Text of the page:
Later, people would prepare for the feast for days. On the day itself, they would gather on Split’s Riva (coast) in the evening and listen to live music. Women would sell warm white cakes and holiday bread in large woven baskets in front of the cathedral and city doors.

Although Duje was killed in April 304, Split marks this memorial day in May, so it doesn’t overlap with Easter.

[Read: How Croatia celebrates Easter‌ – customs and food]

people at the concert
Celebration of Sv. Duje – live music on Riva in Split, Croatia

Symbol of Split – Cathedral of Saint Domnius

We already mentioned that Duje’s remains are buried in the cathedral called Katedrala sv. Dujma or Katedrala svetog Duje (Cathedral of Saint Domnius). The cathedral is situated in Diocletian’s palace at Peristil, which preserves the authentic Roman culture. It was originally built as Diocletian’s mausoleum at the beginning of the 4th century.

Katedrala sv. Duje is the most significant architectural building in Split and the oldest cathedral in the world. It treasures stories about Diocletian’s reign and the arrival of Christianity. The most remarkable part of the cathedral is the wooden gates showing scenes from the Gospel. In 2014, Split sculptor Andrija Buvina carved 28 scenes from Gabriel’s Annunciation to Christ’s Resurrection.

The 57-meter-tall cathedral’s bell tower was built from the 13th to the 16th century. It is the most original Dalmatian medieval construction combining Romanesque and Gothic architecture. If you visit the cathedral, climb to the top of the bell tower to enjoy the panoramic view of Split.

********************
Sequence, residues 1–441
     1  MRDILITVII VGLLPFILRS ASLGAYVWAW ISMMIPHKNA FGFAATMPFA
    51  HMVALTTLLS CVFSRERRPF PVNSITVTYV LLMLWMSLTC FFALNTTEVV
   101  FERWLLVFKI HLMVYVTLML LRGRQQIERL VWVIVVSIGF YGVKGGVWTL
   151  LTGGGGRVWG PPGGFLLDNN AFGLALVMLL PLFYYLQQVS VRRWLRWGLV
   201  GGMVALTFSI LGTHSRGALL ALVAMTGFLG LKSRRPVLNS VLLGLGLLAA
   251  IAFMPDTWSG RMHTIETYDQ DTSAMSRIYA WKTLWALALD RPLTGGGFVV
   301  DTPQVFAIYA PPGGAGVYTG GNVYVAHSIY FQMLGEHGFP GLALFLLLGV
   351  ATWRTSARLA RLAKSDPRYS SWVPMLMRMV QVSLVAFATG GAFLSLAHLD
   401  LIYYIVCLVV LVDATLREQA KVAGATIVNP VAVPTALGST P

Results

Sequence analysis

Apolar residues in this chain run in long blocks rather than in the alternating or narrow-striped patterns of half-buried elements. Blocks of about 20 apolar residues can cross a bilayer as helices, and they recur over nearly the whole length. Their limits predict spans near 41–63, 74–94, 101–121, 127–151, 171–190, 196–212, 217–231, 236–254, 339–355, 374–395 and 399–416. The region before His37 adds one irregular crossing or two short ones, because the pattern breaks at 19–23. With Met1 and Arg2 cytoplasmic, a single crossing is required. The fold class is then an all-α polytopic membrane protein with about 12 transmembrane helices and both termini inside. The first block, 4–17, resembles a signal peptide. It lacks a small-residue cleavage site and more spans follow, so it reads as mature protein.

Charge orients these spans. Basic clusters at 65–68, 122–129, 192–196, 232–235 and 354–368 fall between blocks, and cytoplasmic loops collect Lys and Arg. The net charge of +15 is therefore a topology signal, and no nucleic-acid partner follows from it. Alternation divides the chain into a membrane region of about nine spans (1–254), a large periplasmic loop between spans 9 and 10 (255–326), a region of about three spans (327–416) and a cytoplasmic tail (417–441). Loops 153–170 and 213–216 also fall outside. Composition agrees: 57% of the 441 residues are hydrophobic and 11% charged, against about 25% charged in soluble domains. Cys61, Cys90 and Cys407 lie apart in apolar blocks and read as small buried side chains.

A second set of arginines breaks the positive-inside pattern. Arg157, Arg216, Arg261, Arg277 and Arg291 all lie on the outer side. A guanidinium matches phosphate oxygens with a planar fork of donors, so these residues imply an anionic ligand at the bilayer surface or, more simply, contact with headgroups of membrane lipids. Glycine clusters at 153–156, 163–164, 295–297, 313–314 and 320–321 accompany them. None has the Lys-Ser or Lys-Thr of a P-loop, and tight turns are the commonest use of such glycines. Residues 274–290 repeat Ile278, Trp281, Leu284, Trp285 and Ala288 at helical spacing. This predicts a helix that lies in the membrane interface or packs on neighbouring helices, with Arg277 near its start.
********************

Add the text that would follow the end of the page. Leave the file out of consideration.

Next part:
[Read: UNESCO monuments of culture and nature in Croatia]

Cathedral of Sveti Duje in Split, Croatia

How is Sveti Duje celebrated in Croatia today?

The traditional feast of Sveti Duje remains the favorite local celebration in Split. Locals and people from Croatian islands and wider still gather to celebrate Saint Duje and the day of Split on May 7. Church dignitaries led by the Split-Makarska Archbishop, City of Split and Split-Dalmatia County leaders, and other leading Croatian politicians also come.

The feast combines the liturgical, folkloric, urban, and rural elements. Tourists are attracted by the traditional content allowing them to learn about the grand city of Split.

[Read: 5 things I love about Split]

After the procession and holy mass held on Split’s Riva, the celebration and fair last until the end of the day, followed by live music. Visitors can buy handcrafts from Croatian craftsmen at the stands along the Riva (coast).

woman buying purses
Sara buying handmade purses at the Saint Duje fair

Tradition of buying wooden products

All kinds of craftsmen sell their wares during the festival, but the stalls people always flock to are those of the wood makers. At the east end of Riva, wood makers from Slavonia set up huge bazaar-style stalls bursting with everything you can possibly imagine – all made from wood.

Lawn chairs, bags, citrus reamers, cutting boards, rolling pins, garden tools, baseball bats, beach chairs, swords, pistols, bows, and arrows, a phallus-shaped beer opener – the list is truly endless. Children get wooden toys such as klepetalo or ptice klepetuše, which have been culturally protected.

wooden cutting boards
Women buying wooden cutting boards

If you’re only going to buy one thing on Sveti Duje, you must buy a wooden spoon. It is one of those traditions that has been happening for so long that nobody quite knows the source. We just know that we have to do it.

Another tradition is to buy baloncini, colorful woolen balls with elastic bands. Guys would use to throw them at girls they liked. The catalog expands every year, offering more wooden creations. Taking home your own wooden treasure is a great way to support the Croatian community.